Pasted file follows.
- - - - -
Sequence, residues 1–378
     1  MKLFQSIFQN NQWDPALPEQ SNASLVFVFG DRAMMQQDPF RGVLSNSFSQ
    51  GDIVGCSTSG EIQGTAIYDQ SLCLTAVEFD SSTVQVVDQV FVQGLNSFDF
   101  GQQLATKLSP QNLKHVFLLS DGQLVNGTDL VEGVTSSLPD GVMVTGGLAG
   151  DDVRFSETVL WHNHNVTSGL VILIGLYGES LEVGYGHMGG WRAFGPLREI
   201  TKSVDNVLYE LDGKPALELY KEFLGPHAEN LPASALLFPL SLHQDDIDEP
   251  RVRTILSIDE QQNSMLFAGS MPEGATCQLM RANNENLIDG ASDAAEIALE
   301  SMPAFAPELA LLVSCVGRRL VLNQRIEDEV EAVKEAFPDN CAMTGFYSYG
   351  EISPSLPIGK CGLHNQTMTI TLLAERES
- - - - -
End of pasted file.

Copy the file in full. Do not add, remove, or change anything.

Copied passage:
Sequence, residues 1–378
     1  MKLFQSIFQN NQWDPALPEQ SNASLVFVFG DRAMMQQDPF RGVLSNSFSQ
    51  GDIVGCSTSG EIQGTAIYDQ SLCLTAVEFD SSTVQVVDQV FVQGLNSFDF
   101  GQQLATKLSP QNLKHVFLLS DGQLVNGTDL VEGVTSSLPD GVMVTGGLAG
   151  DDVRFSETVL WHNHNVTSGL VILIGLYGES LEVGYGHMGG WRAFGPLREI
   201  TKSVDNVLYE LDGKPALELY KEFLGPHAEN LPASALLFPL SLHQDDIDEP
   251  RVRTILSIDE QQNSMLFAGS MPEGATCQLM RANNENLIDG ASDAAEIALE
   301  SMPAFAPELA LLVSCVGRRL VLNQRIEDEV EAVKEAFPDN CAMTGFYSYG
   351  EISPSLPIGK CGLHNQTMTI TLLAERES